Motorhead's Lemmy Kilmister, a rock god for the ages, dead at 70
It’s one thing for a man to look like pure rock ‘n’ roll.
It’s another thing entirely for him to live like it, roar like it, smell like it, love like it -- to embody it so wholly that rock ‘n’ roll starts to look like him, rather than the other way around.
Lemmy Kilmister. Even his name sounded like something you needed a permit to carry
Lemmy died Monday, and his death hit the world as hard and fast as his music – he turned 70 on Dec. 24, was diagnosed with what his bandmates called an “extremely aggressive cancer” on Dec. 26, and died just two days later.
But up until then, the singer and bassist of British hard rockers Motorhead lived four decades as one of the most iconic and idolized figures in hard rock, and boy, did he live ‘em hard. He careened and caroused around the planet like the rules of life and music didn’t apply.
And in many ways, they didn’t.
Lemmy couldn’t really sing, not in the traditional sense; nor was he a world-beating bassist. But Motorhead were one of the few bands upon which both punks and headbangers could agree. They played fast and they played hard and they cared not whether you knew their songs or not.
And if you weren't a real punk or metal fan, you probably didn’t – with one blazing exception. Ace of Spades, from the 1980 album of the same name, remains one of the rawest, realest punk songs ever written, a runaway chainsaw about not giving an ever-loving eff about anything.
Playing for the high one, dancing with the devil
Going with the flow, it’s all a game to me
If life was a game to Lemmy, he almost always won. He breathed speed, bathed in whiskey, loved as many ladies as any rock star before or since – around 1,000, he estimated in a 2009 interview with the Tampa Bay Times.
“But, man, I mean I’m 63, right?” he said then. “I’ve been screwing since I was 15. I haven’t been married ever. So, y’know, that’s pretty reasonable after that many years.”
Oh, yeah, Lemmy was always good for a quote. His crusty voice and lupine appearance only added to his larger-than-life personality, captured memorably in the 2010 documentary titled -- because what else could it possibly be called? -- Lemmy. The film contrasted his formidable onstage presence with his life in a cramped L.A. apartment, from which he’d frequently emerge to play video trivia at a bar on the Sunset Strip. He loved that game almost as much as his music, and yet anytime a fan walked by, he’d always smile for a photo.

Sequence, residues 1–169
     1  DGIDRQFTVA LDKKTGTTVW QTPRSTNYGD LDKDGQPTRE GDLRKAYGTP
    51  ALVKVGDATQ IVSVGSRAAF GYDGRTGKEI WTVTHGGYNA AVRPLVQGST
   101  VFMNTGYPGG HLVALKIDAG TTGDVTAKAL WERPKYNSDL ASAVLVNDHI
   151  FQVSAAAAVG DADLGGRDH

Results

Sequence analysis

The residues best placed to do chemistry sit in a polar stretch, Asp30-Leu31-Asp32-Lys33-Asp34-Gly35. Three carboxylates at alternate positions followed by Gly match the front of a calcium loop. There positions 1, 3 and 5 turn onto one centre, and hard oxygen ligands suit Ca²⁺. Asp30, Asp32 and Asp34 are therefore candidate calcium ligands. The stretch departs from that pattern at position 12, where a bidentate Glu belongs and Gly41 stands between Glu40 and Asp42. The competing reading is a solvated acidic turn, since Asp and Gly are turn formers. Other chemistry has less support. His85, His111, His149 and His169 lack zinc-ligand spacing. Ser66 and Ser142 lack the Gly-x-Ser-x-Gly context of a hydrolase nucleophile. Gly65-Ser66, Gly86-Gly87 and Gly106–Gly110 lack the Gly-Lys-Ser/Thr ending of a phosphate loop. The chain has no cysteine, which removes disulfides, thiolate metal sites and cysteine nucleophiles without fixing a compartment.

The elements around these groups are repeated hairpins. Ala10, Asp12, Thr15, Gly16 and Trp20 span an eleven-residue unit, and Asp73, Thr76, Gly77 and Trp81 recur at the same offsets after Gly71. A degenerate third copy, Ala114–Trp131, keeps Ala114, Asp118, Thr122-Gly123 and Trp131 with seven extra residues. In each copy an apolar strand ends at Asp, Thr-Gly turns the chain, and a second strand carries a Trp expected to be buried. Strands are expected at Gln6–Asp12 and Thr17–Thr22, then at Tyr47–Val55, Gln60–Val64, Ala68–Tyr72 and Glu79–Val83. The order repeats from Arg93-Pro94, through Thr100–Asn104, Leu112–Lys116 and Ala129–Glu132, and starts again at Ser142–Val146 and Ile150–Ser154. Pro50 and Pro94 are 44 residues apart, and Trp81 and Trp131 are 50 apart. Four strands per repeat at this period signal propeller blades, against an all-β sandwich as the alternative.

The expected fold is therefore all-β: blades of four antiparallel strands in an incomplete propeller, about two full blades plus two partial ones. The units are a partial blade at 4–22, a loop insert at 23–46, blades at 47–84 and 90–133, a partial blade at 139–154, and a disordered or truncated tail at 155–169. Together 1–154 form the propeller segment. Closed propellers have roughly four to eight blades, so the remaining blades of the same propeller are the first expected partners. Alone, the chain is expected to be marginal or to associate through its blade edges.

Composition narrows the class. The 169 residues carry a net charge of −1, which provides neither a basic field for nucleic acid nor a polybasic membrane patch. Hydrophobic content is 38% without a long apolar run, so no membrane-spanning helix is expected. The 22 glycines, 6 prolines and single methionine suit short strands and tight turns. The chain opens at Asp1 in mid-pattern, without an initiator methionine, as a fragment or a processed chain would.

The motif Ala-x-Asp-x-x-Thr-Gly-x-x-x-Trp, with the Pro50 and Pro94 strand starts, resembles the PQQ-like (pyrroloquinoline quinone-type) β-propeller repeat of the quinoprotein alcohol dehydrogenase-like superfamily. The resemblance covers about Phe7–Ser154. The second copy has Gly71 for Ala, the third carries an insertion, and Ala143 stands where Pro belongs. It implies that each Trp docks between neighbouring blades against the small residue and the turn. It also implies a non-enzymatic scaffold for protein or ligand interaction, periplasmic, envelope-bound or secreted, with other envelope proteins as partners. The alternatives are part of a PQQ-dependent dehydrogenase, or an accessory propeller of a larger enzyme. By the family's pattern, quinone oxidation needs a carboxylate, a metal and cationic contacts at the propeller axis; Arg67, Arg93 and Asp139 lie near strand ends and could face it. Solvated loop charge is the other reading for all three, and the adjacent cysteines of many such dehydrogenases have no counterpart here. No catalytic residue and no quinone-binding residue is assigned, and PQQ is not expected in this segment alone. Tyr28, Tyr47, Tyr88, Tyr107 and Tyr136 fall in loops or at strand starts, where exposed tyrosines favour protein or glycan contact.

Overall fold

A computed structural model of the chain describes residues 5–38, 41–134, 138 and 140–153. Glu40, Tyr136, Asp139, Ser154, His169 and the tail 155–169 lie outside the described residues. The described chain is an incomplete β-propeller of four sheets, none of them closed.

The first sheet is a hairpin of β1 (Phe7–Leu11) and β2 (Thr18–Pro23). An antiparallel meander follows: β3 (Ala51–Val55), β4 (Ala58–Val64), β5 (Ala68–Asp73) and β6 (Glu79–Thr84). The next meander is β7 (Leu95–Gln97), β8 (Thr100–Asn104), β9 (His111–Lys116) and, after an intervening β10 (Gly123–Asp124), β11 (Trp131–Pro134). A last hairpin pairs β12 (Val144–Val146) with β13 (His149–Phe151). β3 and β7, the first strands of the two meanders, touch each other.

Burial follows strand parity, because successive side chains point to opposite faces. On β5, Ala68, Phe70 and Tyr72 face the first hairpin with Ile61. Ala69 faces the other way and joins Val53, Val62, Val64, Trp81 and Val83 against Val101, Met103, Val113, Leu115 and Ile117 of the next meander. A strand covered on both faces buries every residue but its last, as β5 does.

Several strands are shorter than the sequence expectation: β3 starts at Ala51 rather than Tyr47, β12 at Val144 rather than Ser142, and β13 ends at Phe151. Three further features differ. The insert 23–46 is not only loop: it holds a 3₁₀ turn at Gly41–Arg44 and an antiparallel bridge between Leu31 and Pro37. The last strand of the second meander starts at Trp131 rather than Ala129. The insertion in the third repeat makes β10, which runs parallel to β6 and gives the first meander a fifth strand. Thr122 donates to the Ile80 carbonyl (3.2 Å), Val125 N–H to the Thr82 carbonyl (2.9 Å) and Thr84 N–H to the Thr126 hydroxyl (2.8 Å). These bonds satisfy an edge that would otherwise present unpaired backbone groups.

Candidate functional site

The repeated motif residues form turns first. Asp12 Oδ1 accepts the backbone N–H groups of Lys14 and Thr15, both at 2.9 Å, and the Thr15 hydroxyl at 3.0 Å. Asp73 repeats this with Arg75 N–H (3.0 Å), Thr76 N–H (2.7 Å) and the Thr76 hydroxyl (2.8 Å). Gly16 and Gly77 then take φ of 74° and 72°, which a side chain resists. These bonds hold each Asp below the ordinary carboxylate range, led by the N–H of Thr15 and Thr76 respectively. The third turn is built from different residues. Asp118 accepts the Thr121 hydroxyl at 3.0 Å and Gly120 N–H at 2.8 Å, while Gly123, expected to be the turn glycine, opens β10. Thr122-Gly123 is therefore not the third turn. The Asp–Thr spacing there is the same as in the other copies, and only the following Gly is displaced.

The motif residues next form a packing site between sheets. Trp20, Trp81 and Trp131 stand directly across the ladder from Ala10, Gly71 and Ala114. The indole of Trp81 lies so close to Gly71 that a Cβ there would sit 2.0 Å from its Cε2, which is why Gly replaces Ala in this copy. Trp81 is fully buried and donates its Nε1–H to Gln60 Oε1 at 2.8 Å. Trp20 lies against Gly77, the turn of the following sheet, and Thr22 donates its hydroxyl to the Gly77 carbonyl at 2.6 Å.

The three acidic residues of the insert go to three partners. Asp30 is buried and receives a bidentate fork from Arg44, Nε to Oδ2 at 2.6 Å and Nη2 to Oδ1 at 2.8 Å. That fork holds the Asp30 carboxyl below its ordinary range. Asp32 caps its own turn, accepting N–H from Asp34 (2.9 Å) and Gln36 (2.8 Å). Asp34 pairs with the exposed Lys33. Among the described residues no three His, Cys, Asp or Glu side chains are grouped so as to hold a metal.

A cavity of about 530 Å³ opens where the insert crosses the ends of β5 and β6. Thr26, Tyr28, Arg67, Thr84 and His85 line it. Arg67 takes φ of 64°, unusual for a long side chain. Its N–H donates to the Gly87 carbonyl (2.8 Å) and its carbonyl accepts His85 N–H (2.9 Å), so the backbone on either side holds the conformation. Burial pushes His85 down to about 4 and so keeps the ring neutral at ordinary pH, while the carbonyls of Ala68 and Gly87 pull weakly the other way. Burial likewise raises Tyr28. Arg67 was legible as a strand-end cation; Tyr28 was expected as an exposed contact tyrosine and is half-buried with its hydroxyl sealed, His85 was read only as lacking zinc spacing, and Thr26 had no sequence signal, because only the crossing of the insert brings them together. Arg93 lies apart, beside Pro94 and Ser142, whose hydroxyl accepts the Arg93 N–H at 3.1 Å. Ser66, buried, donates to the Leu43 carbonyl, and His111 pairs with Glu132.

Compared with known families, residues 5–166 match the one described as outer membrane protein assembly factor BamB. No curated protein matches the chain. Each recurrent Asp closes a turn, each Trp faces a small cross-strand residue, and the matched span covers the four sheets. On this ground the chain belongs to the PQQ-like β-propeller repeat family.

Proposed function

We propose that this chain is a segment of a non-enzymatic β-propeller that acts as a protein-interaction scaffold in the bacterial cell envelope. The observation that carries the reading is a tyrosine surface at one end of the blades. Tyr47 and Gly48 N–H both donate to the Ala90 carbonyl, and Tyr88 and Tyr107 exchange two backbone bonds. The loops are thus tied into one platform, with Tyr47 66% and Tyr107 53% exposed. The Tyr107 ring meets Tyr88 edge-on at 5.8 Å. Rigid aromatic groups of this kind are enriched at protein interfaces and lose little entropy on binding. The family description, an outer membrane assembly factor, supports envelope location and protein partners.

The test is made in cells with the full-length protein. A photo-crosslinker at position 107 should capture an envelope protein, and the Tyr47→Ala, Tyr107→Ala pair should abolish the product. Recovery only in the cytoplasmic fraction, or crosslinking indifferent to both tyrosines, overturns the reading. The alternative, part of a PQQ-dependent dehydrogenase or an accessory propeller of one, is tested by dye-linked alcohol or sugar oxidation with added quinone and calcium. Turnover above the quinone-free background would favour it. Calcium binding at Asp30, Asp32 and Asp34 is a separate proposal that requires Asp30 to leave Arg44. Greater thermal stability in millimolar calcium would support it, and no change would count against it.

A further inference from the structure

As a band, Motorhead was much more than just Ace of Spades – 22 albums, a Grammy, gigs at some of the biggest festivals known to man – but even the hardest of hardcore fans had to admit a lot of that was due to Lemmy’s personality, pure and simple. You feared him, you loved him, and he made sure you never forgot him. No musician he ever worked with ever did.
“A warrior and a legend,” Ozzy Osbourne called him Monday.
“A true rocker from beginning to end,” tweeted Aerosmith’s Joe Perry.
“One of a kind,” said Kiss’ Paul Stanley.
“My hero,” wrote Flea.
The tributes came in waves and won’t stop for days – Lemmy was that titanic a figure, that irreplaceable a creature, in hard rock. And yet for every peer and follower and Rock and Roll Hall of Famer who will flood the world with odes to his honor, the best tribute of all to his legacy came in the 1994 comedy Airheads, a clip from which swiftly made the rounds online Monday night.
In the film, a rock band takes a radio station hostage in a desperate attempt to have their music heard. When a record exec comes to the door to try to negotiate a deal, the singer tests him with a question.
“Who’d win in a wrestling match,” he asks, “Lemmy or God?”
God, he says. Wrong. Lemmy, he stammers.
“Trick question, d---head,” laughs the drummer. “Lemmy is God.”
Gods, of course, are immortal. In his own way, Lemmy Kilmster is, too.
-- Jay Cridlin